Cast: Tenzin Thuthob Tsarong (Adult Dalai Lama), Gyurme Tethong (Young Dalai Lama), Tenzin Lodoe (Takster), Losang Gyatso (The Messenger)
Director: Martin Scorsese (C'mon - it's Martin Scorsese)
Plot: Without giving anything away, the film is about the life of the 14th Dalai Lama. It begins with the search for him in Tibetan villages, and ends with the person he is today.
Why you should watch it: This is a different sort of movie for me to review. The film was released a few weeks after the Brad Pitt vehicle Seven Years in Tibet, so it kind of got lost under Pitt's star power. However this film is an incredible cinematic accomplishment. Written by Melissa Mathison, culled from many hours of interviews, Kundun focuses on how the Dalai Lama was chosen, what happened in the early part of his reign, the occupation of Tibet by hostile Chinese forces, and his eventual flight from his beloved homeland.
Historically accurate, Mathison's script is devoid of any real action, but that's not what this film set out to do. Kundun is instead an exploration of how the Lama is chosen, what it takes to find him (and where), and what sacrifices he eventually has to make. The actors aren't really actors at all, but instead Buddhist locals selected from India. This lends itself to the simplicity of the film. That is not to say that this is a quiet film. It is a simple film, it doesn't weave in and out of anything. It stays the course of a historically accurate biopic. Under anyone else's direction, this film would be lost. Thankfully Martin Scorsese directed it.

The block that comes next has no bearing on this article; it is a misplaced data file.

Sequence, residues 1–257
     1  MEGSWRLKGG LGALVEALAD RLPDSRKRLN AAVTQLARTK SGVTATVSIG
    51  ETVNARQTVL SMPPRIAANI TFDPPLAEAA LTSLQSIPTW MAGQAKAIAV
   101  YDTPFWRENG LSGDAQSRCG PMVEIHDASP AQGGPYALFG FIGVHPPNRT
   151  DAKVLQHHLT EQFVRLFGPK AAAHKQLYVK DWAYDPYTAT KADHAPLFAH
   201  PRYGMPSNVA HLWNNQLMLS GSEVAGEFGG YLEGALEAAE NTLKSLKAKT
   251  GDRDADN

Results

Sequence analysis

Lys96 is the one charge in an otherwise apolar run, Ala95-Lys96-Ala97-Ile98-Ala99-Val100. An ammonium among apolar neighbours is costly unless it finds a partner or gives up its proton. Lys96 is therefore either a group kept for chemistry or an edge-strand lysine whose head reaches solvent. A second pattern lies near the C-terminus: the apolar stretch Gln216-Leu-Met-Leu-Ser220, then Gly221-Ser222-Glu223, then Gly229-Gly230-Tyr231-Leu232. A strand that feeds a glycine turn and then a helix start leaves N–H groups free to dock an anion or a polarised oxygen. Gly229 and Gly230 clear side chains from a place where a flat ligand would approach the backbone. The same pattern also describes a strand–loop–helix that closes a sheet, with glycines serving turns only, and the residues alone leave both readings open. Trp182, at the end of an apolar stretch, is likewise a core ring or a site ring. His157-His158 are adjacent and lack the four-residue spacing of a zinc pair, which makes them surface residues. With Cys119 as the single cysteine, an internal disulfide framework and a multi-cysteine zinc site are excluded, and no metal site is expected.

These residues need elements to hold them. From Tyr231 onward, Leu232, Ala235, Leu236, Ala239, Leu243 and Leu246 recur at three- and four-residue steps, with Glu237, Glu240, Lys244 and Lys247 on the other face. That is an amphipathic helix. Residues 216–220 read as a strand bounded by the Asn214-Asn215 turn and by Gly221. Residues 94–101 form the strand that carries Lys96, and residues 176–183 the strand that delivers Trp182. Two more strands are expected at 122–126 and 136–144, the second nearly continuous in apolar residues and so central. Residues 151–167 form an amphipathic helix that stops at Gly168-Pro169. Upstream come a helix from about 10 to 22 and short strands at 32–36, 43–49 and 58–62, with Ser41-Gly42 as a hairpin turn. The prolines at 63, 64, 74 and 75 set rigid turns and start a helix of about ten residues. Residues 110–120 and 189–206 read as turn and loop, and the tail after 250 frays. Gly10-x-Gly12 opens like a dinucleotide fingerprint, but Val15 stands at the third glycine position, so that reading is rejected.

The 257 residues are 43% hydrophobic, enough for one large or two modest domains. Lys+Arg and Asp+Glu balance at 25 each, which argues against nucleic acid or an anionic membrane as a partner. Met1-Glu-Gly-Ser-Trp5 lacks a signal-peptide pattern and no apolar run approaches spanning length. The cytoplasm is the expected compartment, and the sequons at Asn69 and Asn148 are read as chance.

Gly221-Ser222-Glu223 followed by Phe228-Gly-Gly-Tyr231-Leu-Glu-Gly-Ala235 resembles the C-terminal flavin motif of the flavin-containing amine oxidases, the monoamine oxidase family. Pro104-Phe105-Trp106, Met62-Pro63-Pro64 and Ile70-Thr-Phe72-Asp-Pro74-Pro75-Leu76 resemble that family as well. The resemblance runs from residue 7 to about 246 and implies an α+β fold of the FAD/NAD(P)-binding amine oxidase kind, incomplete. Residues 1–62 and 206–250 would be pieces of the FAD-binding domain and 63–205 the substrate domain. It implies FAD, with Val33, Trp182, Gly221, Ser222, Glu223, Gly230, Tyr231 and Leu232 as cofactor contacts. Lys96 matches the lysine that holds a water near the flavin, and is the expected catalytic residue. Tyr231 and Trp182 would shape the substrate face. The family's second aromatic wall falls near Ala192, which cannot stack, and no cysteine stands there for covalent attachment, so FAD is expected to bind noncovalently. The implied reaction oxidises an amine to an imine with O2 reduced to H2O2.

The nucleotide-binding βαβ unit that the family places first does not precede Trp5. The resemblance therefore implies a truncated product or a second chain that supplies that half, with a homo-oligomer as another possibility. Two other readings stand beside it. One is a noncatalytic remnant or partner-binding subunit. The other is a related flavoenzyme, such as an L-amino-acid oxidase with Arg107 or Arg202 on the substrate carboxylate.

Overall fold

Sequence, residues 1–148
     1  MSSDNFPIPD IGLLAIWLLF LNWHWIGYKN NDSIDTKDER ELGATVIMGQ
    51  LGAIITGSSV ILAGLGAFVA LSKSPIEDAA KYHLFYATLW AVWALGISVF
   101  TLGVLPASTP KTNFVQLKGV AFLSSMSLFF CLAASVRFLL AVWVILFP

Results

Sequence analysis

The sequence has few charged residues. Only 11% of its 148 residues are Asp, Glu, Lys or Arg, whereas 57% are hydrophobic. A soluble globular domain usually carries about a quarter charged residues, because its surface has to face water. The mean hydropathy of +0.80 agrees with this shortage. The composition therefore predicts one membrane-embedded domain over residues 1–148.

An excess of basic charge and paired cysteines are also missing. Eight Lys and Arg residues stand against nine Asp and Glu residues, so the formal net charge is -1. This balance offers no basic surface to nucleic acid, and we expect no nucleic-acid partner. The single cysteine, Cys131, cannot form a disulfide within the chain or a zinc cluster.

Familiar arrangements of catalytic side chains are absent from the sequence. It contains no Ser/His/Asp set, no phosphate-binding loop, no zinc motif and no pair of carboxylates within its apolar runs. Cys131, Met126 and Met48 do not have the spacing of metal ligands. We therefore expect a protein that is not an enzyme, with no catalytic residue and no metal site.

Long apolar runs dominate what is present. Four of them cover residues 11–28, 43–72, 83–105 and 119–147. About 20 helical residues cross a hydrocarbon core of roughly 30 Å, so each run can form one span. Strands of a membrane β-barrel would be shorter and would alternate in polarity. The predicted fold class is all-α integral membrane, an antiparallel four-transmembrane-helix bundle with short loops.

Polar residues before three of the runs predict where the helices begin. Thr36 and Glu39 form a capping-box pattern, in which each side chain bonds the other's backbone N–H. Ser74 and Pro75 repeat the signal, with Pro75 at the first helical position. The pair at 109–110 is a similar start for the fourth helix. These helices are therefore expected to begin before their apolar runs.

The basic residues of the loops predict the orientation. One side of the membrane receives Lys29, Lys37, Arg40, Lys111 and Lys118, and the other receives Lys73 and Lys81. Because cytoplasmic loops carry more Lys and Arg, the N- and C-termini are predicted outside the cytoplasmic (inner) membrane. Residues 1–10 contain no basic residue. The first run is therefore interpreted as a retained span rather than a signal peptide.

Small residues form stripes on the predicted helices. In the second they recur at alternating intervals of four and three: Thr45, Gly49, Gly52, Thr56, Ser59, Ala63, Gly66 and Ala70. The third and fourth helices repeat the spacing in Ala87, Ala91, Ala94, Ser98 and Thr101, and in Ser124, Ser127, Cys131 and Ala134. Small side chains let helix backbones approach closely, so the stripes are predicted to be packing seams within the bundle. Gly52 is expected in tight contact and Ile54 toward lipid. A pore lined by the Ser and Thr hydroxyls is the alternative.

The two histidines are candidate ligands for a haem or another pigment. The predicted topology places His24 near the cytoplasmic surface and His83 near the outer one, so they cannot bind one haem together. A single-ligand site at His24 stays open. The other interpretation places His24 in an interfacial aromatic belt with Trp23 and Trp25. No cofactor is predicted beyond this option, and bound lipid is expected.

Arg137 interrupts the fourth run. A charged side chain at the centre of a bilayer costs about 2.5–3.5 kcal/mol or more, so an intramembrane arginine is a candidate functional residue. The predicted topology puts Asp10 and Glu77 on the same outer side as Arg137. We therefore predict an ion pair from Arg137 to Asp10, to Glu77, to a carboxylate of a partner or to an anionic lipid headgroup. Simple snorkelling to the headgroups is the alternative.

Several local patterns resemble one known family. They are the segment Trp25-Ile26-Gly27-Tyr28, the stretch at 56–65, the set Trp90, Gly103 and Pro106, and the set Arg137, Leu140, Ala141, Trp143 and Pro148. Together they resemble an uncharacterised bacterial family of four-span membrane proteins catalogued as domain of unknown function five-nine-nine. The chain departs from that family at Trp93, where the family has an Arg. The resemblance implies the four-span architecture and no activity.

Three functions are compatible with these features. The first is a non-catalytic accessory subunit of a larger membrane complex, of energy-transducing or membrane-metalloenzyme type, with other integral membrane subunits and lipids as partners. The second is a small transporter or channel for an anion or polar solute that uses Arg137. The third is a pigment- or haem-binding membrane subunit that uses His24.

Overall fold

Scorsese has trod this path before. If you recall, he directed The Last Temptation of Christ, which was a powerhouse in its own right. Scorsese is Scorsese. We all know his work. His touch is always spot-on. When he needs to be heavy handed and a blunt object, as in The Departed or Gangs of New York, he does it. However, when he has to be delicate, reflective of the subject matter, he is just as talented and successful. He moves at a deliberate pace, but it never seems plodding. The film progresses naturally, and Scorsese knows when to focus on his actors, when to focus on the dialogue, and when to focus on the visuals.
Kundun is beautifully shot. Scorsese shot the film in both Morocco and Woodstock, NY. You'd never be able to tell that it wasn't shot on location in Tibet and India. Scorsese used Roger Deakins as his cinematographer. You may have seen his work before - The Shawshank Redemption, Skyfall, A Beautiful Mind, O Brother Where Art Thou?, The Big Lebowski. These are only a few items on his resume. The movie feels both wide open and intimate at the same time. It's incredible when a film of this scope can feel personal.
As I said before, this is a bit of a departure from my usual review fare. In saying that, I acknowledge that this film isn't for everyone. However, if you've trusted my judgment before, please do so again. I really hope you give the film a look. Give the official trailer a look. I can't stress how much I love, love, love this film. Regardless if you are religious or not, or what your denomination may or may not be, Kundun is a brilliant movie.
The Weekly Movie Guide to Movies You Should Watch Again - Doing It Better Since Summer 2013